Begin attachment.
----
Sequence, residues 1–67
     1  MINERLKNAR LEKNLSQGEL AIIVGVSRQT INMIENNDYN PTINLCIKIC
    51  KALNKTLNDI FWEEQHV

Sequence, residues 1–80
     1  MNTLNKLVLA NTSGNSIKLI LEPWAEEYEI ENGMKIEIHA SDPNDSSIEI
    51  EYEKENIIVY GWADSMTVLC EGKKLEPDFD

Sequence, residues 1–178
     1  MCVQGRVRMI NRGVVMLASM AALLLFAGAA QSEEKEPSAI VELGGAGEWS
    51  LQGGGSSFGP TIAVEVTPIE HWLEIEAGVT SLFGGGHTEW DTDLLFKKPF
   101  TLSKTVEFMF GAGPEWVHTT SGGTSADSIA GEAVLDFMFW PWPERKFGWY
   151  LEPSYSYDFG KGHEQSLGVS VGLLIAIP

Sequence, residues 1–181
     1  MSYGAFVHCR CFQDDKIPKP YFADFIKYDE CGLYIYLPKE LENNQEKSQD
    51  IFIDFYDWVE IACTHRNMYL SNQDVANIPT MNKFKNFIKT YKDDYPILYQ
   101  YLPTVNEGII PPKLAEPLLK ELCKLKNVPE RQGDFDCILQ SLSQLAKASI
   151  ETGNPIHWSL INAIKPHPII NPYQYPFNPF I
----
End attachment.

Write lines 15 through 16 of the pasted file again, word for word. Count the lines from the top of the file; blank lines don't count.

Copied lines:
   101  YLPTVNEGII PPKLAEPLLK ELCKLKNVPE RQGDFDCILQ SLSQLAKASI
   151  ETGNPIHWSL INAIKPHPII NPYQYPFNPF I